Members of the Outlaws have been staying at a campground near the intersection of South Playhouse Road and Iron Mountain Road, according to Wheeler. The Journal incorrectly reported Wednesday that the Outlaws members were staying at a house there.

Custer State Park returned to normal Wednesday, according to park superintendent Richard Miller. “They’ve been busy at the gate,” he said. The Legion Lake parking lot was partly full because of a downpour. “It looked like business as usual,” Miller said in a phone interview.

“We are doing everything we can to ensure that the park is the same safe, family-friendly environment it has always been,” he said.

Miller said the park had never had a serious incident involving rallygoers in the past. “The park annually hosts tens of thousands of bikers. They are good customers, and the staff enjoys working with them,” he said. “Rally riders come to the park for the same reasons all of our visitors do - to enjoy the wildlife and the beautiful scenery.”

Saturday, August 12, 2006

Yobs fail to heed stark warnings

Teen hooligans are causing so many problems at a park in Great Britain that the local police have gone to the drastic measure of issuing "stark warnings" that they will notify their parents the next time they are caught. Apparently if this is not enough to curb the yobs "anti-social" behavior, then they may need to hire a park ranger to patrol the park.

Yobs turn park into booze and drugs den (News & Star)

Workington's Vulcan Park has become a haven for underage drinkers, drug-takers and yobs over the school holidays. Police have received complaints about teenagers drinking, fighting, urinating and littering the area with broken bottles. Some park users have also reported discarded needles in the park.

Police have launched an operation to crack down on the problems before they get out of hand. Officers have confiscated alcohol from young people almost every night this week. And they are issuing a stark warning to under-age drinkers that if they'’re caught, their parents will be informed.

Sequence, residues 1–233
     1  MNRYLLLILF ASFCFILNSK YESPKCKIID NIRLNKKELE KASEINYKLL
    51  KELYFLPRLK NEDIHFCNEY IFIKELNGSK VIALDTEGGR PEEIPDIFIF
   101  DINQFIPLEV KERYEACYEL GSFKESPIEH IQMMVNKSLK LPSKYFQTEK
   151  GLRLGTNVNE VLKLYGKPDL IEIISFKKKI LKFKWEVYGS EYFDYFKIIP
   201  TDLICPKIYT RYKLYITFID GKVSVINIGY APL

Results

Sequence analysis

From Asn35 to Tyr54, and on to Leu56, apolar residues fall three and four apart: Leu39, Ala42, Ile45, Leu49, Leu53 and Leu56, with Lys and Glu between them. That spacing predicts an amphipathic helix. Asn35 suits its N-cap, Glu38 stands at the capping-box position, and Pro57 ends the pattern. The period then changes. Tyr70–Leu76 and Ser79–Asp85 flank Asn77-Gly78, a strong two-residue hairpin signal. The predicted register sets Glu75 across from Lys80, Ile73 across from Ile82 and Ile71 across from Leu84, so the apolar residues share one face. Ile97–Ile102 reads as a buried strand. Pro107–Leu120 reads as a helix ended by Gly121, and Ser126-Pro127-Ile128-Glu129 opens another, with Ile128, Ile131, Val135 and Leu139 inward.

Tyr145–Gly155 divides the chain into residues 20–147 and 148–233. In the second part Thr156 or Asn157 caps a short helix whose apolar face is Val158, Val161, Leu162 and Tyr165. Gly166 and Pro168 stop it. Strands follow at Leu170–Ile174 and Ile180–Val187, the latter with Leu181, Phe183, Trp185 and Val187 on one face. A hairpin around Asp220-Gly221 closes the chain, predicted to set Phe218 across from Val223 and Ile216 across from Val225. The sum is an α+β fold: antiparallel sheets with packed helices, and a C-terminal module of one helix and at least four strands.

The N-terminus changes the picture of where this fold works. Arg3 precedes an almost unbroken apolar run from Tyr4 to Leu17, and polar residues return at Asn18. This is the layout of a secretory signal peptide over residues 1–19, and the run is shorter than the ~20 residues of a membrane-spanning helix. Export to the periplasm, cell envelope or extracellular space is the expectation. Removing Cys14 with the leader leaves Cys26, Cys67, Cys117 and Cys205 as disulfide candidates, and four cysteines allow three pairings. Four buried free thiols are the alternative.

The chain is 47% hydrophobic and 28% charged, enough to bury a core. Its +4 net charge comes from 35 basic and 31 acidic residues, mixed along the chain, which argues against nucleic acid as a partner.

Sergeant Jason Robinson said the police are operating a three-strikes-and-youÂ’re-out approach. He told the News & Star: "“If they're 16 or above, we can deal them with a penalty notice for disorder. If they're below 16, we'’ll take them home and speak to their parents and they will go onto an anti-social behaviour register. “If they get three hits on that within a month then they will get a visit at home by myself or the inspector and we could consider an anti-social behaviour contract. “This can impact on where they'’re allowed to go and who they'’re allowed to hang about with." He said that targeting Vulcan Park is part of Operation Beehive an operation designed specifically to tackle anti-social behaviour and youth disorder. Areas such as the bus depot and hotspots in Seaton and Moorclose are also being monitored under this banner.

Sgt Robinson added: "“Historically the holidays are always a problem time for Vulcan Park for under-age drinking and people taking drugs like cannabis. This is a pre-emptive strike, which has worked to stop some of the disorder."

Keith Southward, who lives on nearby Park Lane, often witnesses underage drinking. He said: "“I have seen young ones who have had too much to drink urinating against a tree." He added that he would not park his car on his own street because vehicles there have had windows smashed.

Pat Hull, of Moss Bay, regularly takes her grandchildren to the park, which is open 24 hours a day. She said: "In the early morning there are bottles and litter around the war memorial. There are bins but the children ignore them. “I would not walk through there at night time. “It is a lovely park, I think it is great for the children but they have to come in at a certain time. “I have seen needles and bottles. “It is sad because it is a children'’s play park."”

A spokesperson for Allerdale Council said the authority was aware of the problems in the park. She said: "The council clean up such vandalism, litter and filth in the park on a daily basis, generally before the public sees the full extent of the mess."

She added that the council is considering employing a park ranger to try to tackle the situation.

Wednesday, August 09, 2006

Remembering a fallen colleague: Kris Eggle

Four years ago today at Organ Pipe Cactus National Monument, a young and bright park ranger lost his life while pursuing a suspect who had crossed the Mexican border and illegally entered the U.S. Kris Eggle had a promising future as a park ranger. He received the Director's Award while attending FLETC and was well respected by his peers.